The Best Dijon Mustard Substitute: Spice Up Your Life In Style!
Recently I have started to make my favorite salad, and halfway through I realized that my Dijon mustard jar is completely empty.
Eating my salad without Dijon mustard would simply not be the same, and it was rather late to go to the store - especially since I was dead tired and already in my PJs, so I turned to my source of all the earthly knowledge - the internet!
I have spent quite some time researching to find the best Dijon mustard substitute.
Stick with me, and you will not have to – let’s find those substitutions and save the evening!
What is Dijon Mustard and How to Make It?
Dijon mustard has gotten the name due to the city it had been first created in - the city of Dijon, the capital of the Burgundy region in the far-away and beautiful France. The area is more famous for their production of the wines than for the Dijon mustard though.
Today, Dijon mustard is quite the same as the traditional one made so long ago, and includes white wine and ground brown mustard seeds as the main ingredients. The color is pale yellow, and the texture is smooth and creamy.
The secret ingredient that is added to the Dijon mustard is actually verjuice (vert means green in French) - juice which has been made from the unripe grapes. That gives the Dijon mustard that specific flavor which makes it the best and most sought of the type of mustard for two and a half centuries.
If you want to recreate this authentic flavor, you will have to get your hands on not only some of the verjuice but also the region-specific wine, and that might not be so easy.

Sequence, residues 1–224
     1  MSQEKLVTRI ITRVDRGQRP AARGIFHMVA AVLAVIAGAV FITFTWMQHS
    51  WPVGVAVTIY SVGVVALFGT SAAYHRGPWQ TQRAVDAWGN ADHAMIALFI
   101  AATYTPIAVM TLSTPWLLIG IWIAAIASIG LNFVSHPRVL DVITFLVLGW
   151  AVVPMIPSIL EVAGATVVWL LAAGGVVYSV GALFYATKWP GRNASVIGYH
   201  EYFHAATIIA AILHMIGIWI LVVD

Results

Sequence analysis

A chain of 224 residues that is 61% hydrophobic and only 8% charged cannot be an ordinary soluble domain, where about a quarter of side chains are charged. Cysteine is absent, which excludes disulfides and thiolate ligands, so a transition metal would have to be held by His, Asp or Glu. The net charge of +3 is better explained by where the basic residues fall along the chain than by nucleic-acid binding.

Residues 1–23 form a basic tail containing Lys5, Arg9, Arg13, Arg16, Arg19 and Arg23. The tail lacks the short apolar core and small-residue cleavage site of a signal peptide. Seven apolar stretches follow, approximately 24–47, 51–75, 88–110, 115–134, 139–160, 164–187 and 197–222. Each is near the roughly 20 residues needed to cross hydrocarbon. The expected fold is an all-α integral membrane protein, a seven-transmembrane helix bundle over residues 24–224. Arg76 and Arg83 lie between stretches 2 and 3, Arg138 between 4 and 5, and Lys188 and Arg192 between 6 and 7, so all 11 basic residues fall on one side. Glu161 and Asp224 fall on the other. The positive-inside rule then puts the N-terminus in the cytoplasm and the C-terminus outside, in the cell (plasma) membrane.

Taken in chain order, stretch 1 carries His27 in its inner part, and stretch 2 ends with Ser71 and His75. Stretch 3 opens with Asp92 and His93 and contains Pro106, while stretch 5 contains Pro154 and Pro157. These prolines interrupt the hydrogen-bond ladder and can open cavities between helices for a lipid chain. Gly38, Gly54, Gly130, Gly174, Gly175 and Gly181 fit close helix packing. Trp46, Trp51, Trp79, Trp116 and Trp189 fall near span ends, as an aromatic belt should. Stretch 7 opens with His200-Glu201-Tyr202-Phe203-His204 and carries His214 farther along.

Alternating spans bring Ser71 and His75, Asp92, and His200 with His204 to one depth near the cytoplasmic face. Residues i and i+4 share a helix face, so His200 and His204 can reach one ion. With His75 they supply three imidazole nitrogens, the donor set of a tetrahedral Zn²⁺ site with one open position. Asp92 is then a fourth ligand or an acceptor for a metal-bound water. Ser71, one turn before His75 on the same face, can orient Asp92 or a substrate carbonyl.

However, many find that that the mix of lemon juice and vinegar makes a good-enough substitute for verjuice. The wine can be purchased almost anywhere, but if you still cannot find it or afford it, any wine made from Chardonnay grapes will do.
In order to call the Dijon mustard using that exact name, you would have to make it in the actual city of Dijon. If that is not the case, you can refer to it "Dijon-Style" mustard or dijon mustard with a small "d" - that is all due to the protected designation of origin. Of course, not all respect this law.
If you want to find out how to make Dijon mustard, I will tell you right away - it is fairly easy when you have all the right ingredients at your disposal!
First, you need to ground up the mustard seeds and then purée them with salt, white wine, and vinegar.
There are two important things to remember:
- Soak the mustard seeds overnight before using them.
- Refrigerate the finished mustard for 24 hours before you serve it.
However, I doubt that you have the needed ingredients lying around in your kitchen cabinets waiting for you to run out of your Dijon mustard and use them to make a new batch.
More likely you will need more time to find and purchase the ingredients than to buy the ready-made Dijon mustard.
For this reason, making your own Dijon mustard is not really an option when you need to use it right away! So, what is the best substitute for Dijon mustard in such cases?
Read on and find out!
What to Do with Dijon Mustard?
Before we move on to find out what is the best Dijon mustard substitute, let's see how you can actually use this flavorful spice:
The Best Dijon Mustard Substitute: Seven Easiest Solutions
Finally, we have come to the most important part which will tell you what to do when you run out of the Dijon mustard at some crucial point in your life.
Some solutions will be quite simple and obvious, some more complicated, but they will all do the job well! Let us start!
1. Yellow Mustard
- It is a well-known fact that people in the USA eat a lot of yellow mustard, so why not simply substitute Dijon mustard with yellow mustard? It is the simplest and easiest solution - if you have yellow mustard in your home at that moment (and most people do).